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1078, Byzantine Empire, Michael Vii Ducas. Gold Histamenon Nomisma Coin. R For Sale
1078, Byzantine Empire, Michael VII Ducas. Gold Histamenon Nomisma Coin. R!
Mint period: 1071-1078
Emperor: Michael VII Ducas
Mint Place: Constantinople mint.
Condition: A nice, lustre AU-UNC!
Denomination: Gold Histamenon Nomisma
Reference: Friedberg 264, DOC III., SB 1868.
Obverse: Crowned half-lenght bust of Michael VII facing, holding labarum and globus cruciger.
Legend: + MIX AHΛ RACIΛ E
Reverse: Nimbate half-lenght bust of Jesus Christ facing, Christogram (IC-XC) across field.
Comment: Large book of gospels with nine pellets, held by Christ in foreground!
In Eastern Christianity, the most widely used Christogram is a four-letter abbreviation, ICXC — a traditional abbreviation of the Greek words for "Jesus Christ" (i.e., the first and last letters of each of the words ΙΗΣΟΥΣ ΧΡΙΣΤΟΣ — written "IHCOYC XPICTOC" with a transliteration of the lunate sigma common in medieval Greek as "C"). On icons, this Christogram may be split: "IC" on the left of the image and "XC" on the right, most often with a bar above the letters (see titlos), indicating that it is a sacred name. It is sometimes rendered as "ICXC NIKA", meaning "Jesus Christ Conquers."
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Michael VII Doukas or Ducas (Greek: Μιχαήλ Ζ΄ Δούκας, Mikhaēl VII Doukas), nicknamed Parapinakēs, was Byzantine emperor from 1071 to 1078.
Michael VII was the eldest son of Constantine X Doukas and Eudokia Makrembolitissa, and was born c. 1050, in Constantinople. He had been associated with his father on the throne late in 1059, together with or shortly before his newly born brother Konstantios Doukas. When Constantine X died in 1067, Michael VII was 17 years old and should have been able to rule by himself. He exhibited little interest in politics, and his mother Eudokia and uncle John Doukas governed the empire as effective regents.
On January 1, 1068, Eudokia married the general Romanos Diogenes, who now became senior co-emperor alongside Michael VII, Konstantios, and another brother, Andronikos. When Romanos IV was defeated and captured by Alp Arslan of the Seljuk Turks at the Battle of Manzikert in August 1071, Michael VII remained in the background, while the initiative was taken by his uncle John Doukas and his tutor Michael Psellos. They conspired to keep Romanos from regaining power after his release from captivity. After the dispatch of Eudokia to a monastery, Michael VII was crowned again on October 24, 1071 as senior emperor.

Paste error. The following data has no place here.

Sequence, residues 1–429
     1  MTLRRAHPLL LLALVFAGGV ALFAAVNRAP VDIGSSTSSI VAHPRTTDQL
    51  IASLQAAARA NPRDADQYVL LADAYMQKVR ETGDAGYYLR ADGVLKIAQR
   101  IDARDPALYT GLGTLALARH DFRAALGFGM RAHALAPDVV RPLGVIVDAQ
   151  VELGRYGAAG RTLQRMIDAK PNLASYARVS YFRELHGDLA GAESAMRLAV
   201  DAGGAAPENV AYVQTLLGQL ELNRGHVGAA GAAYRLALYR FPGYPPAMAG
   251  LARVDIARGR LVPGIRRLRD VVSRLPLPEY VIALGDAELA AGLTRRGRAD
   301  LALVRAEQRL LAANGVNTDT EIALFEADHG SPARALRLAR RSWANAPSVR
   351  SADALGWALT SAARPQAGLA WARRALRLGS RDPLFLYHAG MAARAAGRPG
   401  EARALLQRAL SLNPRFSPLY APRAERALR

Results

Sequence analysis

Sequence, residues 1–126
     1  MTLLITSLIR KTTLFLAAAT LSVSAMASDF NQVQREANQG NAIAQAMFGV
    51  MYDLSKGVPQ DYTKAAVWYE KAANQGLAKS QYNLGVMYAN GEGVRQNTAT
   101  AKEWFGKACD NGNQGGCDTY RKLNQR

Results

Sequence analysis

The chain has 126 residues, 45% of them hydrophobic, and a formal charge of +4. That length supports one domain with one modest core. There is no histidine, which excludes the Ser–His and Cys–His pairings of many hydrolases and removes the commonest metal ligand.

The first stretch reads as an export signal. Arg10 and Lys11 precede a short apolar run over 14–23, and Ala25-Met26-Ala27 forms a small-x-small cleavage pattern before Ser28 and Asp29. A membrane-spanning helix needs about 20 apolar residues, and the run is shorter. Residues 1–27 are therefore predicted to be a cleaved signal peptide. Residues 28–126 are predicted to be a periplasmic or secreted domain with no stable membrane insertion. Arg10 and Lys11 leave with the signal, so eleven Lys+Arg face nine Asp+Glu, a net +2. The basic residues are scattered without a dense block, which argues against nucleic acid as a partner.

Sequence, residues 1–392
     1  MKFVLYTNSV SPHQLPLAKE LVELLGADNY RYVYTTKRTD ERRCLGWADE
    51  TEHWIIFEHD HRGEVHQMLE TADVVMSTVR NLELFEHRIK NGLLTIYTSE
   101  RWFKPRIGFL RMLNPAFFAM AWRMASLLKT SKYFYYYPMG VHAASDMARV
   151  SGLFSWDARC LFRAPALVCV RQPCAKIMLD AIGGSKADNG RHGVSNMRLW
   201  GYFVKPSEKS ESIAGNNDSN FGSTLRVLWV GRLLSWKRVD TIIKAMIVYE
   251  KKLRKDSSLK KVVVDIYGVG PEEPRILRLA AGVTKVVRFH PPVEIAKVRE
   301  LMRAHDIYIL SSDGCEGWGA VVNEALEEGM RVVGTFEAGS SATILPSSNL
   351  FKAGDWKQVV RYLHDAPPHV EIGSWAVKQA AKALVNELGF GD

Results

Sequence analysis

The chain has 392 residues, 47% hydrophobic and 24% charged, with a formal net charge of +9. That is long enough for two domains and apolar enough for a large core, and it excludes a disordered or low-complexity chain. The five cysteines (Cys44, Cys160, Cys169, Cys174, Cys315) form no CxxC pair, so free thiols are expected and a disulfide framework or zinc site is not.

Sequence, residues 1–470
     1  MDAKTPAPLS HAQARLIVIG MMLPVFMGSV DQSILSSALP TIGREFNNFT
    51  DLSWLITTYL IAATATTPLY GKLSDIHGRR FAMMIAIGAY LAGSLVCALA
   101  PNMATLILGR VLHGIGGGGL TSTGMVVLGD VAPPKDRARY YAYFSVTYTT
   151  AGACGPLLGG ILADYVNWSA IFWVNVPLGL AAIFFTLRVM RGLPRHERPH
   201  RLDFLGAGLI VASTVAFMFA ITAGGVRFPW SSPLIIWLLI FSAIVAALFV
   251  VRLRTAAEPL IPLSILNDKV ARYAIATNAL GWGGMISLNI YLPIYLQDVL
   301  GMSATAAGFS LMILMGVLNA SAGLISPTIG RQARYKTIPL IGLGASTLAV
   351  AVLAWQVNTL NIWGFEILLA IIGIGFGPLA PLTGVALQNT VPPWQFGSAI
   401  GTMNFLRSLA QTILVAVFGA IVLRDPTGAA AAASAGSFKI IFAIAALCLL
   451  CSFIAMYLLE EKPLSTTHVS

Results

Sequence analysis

Although still advised by Michael Psellos and John Doukas, Michael VII became increasingly reliant on his finance minister Nikephoritzes. The emperor's chief interests, shaped by Psellos, were in academic pursuits, and he allowed Nikephoritzes to increase both taxation and luxury spending without properly financing the army. In dire straits, imperial officials resorted to property confiscations and even expropriated some of the wealth of the church. The underpaid army tended to mutiny, and the Byzantines lost Bari, their last possession in Italy, to the Normans of Robert Guiscard in 1071. Simultaneously, they faced a serious revolt in the Balkans, where they faced an attempt for the restoration of the Bulgarian state in the same year. Although this revolt was suppressed by the general Nikephoros Bryennios, the Byzantine Empire was unable to recover its losses in Asia Minor.
After Manzikert the Byzantine government sent a new army to contain the Seljuk Turks under Isaac Komnenos, a brother of the future emperor Alexios I Komnenos, but this army was defeated and its commander captured in 1073. The problem was made worse by the desertion of the Byzantines' western mercenaries, who became the object of the next military expedition in the area, led by the Caesar John Doukas. This campaign also ended in failure and its commander was likewise captured by the enemy. The victorious mercenaries now forced John Doukas to stand as pretender to the throne. In this situation Michael VII's government was forced to recognize the conquests of the Seljuk Turks in Asia Minor in 1074, and to seek their support. A new army under Alexios Komnenos, reinforced by Seljuk troops sent by Malik Shah I, finally defeated the mercenaries and captured John Doukas in 1074.
These misfortunes caused widespread dissatisfaction, exacerbated by the devaluation of the currency, which gave the emperor his nickname Parapinakēs, "minus a quarter". In 1078 two generals, Nikephoros Bryennios and Nikephoros Botaneiates, simultaneously revolted in the Balkans and Anatolia, respectively. Nikephoros Botaneiates gained the support of the Seljuk Turks and first reached Constantinople. Michael VII resigned the throne with hardly a struggle on March 31, 1078 and retired into the monastery of Stoudios. He later became metropolitan archbishop of Ephesus and died in Constantinople in c. 1090.
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1078, Byzantine Empire, Michael Vii Ducas. Gold Histamenon Nomisma Coin. R: $590